·        What were the chances of changing planning policy to include wildlife corridors? Our approach can only be changed through new policy as part of the local Plan Review. The service was trying to negotiate the best solutions we can within the current policy framework.

·        A review of the Local Plan would be likely to take at least 3-4 years as a result of the work involved including consulting and engaging with our communities.


Regeneration & Economy service plan


Councillor Kevin Blakey, Portfolio Holder for Economy reported that the services top three priorities were:

1.     Exmouth Regeneration – Delivery of phase 3.

2.     East Devon Business Centre extension and additional locations in East Devon.

3.     ‘Our Town’s’ Study and Delivery Plan – Detailed and consultative evaluation of East Devon towns and intervention opportunities.


Members noted that the previous evening Cabinet had appointed a Queens Drive Delivery Group to replace the Exmouth Regeneration Board. It was also intended to have an in depth study of our 8 towns and their needs.


Clarification and debate covered:

·        Seaton Regeneration seemed to have stalled. The Town Council had been working on the Seafront Enhancement Scheme, which had funding implications of £4m. Engagement with the Moridunum was acknowledged as an important part of Seaton seafront enhancement.

·        Bidding for Coastal Communities Funding need to be carried out in collaboration with Seaton Town Council and more information was needed to improve future bids.

·        There was a lot of knowledge amongst Councillor to help with the Town Centre study and the importance of obtaining data from local stakeholders, including Town Councillors was acknowledged.

·        When was it intended to start and finish the town centre study as many town centre businesses were suffering? It was hoped to present a report to Cabinet by October and ask for tenders from consultants as soon as possible after.

·        It was hoped that Exmouth would be considered as a whole and not just the Queens Drive development and the rest of the town not forgotten as other things in the town needed regenerating.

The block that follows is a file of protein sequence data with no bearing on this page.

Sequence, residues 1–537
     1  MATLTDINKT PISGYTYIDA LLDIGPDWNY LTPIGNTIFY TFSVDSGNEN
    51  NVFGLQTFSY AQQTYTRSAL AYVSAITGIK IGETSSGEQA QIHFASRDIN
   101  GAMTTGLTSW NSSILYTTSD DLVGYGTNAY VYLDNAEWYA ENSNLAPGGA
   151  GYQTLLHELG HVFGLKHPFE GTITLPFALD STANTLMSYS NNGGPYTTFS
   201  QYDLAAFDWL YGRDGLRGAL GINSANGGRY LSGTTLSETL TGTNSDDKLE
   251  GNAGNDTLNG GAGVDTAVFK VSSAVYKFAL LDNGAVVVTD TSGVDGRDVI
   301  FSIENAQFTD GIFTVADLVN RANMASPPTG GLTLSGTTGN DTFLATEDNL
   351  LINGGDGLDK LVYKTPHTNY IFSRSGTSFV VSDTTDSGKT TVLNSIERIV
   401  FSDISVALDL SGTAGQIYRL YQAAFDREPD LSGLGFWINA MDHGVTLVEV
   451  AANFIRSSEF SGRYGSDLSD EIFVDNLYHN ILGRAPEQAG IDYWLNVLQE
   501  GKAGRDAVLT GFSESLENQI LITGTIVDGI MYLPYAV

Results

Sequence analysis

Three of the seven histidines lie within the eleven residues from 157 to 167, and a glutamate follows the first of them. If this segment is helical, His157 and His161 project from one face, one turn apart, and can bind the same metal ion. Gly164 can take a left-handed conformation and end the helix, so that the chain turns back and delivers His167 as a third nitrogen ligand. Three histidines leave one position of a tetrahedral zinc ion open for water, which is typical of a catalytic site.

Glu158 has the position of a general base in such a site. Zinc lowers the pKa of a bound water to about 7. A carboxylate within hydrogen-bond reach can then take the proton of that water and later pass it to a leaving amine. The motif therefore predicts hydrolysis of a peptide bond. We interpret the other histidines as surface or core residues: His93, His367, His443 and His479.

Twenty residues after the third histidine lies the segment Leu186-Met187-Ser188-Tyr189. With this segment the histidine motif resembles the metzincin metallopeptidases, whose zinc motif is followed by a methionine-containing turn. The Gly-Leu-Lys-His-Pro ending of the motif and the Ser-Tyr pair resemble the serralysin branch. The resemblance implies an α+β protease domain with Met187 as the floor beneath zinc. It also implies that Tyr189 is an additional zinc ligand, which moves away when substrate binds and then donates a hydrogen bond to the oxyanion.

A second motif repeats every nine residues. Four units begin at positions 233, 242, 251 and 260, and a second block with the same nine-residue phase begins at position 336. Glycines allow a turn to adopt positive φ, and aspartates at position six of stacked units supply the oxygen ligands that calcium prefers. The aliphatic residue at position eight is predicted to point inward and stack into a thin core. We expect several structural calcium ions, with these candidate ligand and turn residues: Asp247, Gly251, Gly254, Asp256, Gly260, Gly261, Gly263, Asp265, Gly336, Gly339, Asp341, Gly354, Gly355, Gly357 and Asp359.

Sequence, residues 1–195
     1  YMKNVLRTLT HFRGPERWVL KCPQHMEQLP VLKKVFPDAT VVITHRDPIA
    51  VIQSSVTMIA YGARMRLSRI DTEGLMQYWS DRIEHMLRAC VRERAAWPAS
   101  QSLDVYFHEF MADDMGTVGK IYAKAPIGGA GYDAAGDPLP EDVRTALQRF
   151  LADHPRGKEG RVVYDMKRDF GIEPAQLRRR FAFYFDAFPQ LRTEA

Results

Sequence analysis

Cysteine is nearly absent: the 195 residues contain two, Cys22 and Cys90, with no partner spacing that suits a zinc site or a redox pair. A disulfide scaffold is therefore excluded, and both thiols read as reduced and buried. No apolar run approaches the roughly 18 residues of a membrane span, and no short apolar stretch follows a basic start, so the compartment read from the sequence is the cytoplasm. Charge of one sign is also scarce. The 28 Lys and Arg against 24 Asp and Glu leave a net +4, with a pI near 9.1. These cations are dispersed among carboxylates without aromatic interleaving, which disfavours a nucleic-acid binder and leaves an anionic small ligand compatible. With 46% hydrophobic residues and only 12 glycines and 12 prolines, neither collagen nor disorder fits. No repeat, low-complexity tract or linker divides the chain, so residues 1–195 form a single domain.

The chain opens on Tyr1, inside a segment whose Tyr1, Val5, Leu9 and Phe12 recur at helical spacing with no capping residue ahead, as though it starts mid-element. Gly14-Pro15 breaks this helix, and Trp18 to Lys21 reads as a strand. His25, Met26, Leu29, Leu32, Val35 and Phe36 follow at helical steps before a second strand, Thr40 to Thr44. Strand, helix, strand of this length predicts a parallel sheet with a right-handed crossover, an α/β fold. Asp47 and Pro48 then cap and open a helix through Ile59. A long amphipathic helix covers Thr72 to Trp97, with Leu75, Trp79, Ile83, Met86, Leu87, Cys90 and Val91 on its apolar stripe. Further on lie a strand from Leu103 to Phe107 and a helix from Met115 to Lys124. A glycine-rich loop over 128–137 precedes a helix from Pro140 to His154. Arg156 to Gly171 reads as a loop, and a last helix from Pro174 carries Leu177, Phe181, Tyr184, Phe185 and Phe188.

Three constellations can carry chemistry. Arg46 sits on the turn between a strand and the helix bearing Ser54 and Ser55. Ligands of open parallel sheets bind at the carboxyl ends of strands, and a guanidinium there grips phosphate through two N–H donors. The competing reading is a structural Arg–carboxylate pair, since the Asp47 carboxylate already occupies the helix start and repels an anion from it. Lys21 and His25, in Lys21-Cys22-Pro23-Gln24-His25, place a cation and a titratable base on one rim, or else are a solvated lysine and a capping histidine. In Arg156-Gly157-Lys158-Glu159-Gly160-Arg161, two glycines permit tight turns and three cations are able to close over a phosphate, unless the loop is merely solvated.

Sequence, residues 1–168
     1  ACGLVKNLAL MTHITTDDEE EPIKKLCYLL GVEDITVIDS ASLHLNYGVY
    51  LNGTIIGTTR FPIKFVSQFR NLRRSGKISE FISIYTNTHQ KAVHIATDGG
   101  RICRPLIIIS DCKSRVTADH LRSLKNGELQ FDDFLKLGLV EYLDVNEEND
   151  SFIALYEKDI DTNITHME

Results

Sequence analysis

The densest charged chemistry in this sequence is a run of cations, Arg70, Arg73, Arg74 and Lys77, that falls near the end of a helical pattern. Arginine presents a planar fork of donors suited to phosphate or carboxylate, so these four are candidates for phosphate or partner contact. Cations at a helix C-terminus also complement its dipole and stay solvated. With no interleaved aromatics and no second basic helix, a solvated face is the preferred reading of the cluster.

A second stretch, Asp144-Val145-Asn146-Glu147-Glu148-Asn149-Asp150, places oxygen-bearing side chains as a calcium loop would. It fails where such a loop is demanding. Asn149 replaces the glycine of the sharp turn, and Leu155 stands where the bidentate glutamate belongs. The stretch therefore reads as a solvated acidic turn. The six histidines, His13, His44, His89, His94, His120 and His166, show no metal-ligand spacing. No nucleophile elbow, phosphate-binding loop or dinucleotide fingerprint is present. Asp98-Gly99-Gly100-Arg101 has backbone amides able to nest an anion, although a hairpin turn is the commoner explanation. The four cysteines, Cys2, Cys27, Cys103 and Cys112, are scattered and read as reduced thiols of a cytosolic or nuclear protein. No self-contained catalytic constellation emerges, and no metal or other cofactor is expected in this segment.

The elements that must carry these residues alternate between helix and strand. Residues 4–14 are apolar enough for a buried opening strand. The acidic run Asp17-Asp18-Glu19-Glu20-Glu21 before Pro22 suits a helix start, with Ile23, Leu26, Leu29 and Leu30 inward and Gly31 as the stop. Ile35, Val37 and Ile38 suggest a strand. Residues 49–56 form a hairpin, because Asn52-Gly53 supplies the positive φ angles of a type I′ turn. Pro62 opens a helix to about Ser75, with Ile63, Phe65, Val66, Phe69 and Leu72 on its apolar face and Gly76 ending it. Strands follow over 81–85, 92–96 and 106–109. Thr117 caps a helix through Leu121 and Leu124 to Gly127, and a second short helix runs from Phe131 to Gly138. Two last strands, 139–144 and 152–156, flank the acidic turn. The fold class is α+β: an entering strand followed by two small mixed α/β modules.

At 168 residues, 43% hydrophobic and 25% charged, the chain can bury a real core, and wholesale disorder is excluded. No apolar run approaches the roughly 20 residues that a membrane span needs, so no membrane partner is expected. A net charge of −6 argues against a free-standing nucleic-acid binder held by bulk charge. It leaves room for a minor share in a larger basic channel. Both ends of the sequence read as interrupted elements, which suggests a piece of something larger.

·        Need to engage with local people on the town centre study. Support would be given to community organisations to help with the town centre study. Local engagement and intelligence was vital to the project. 

·        Hope that the implications of the GESP had been considered to develop the towns.


Growth Point service plan


Councillor Kevin Blakey, Portfolio Holder Economy reported that funding for two thirds of the Growth Point team came from non-core funding. There was also a Strategic Delivery Board being established for Cranbrook. Thee three service priorities were:

1.     To deliver the Enterprise Zone programme.

2.     To deliver the Green Infrastructure and Habitat Mitigation Strategies.

3.     To ensure that effective mechanisms are in place to support the delivery of key strategic sites.


Clarification and debate covered:

·        How does development at Cranbrook and the Growth Point benefit the wider East Devon community? The higher earners in this area spent money in the rest of the district. This was trickle-down economics.

·        The target of 10,000 jobs in the Growth point was acknowledged. But what had been the actual delivery of jobs so far? There had been in the region of 1,000 jobs delivered so far.


Streetscene service plan


John Golding, Strategic Lead Housing, Health & Environment reported on the impact of the climate change agenda on the four services he managed and other Services, and the challenges and opportunities there were to influence the Council’s climate change outcomes.  It was suggested that this could be viewed as the Council’s greatest challenge that will need sustained efforts over several decades.


Climate Change has recently been adopted by the Council as a priority, and will need to be reflected more prominently in the next iteration of Service Plans.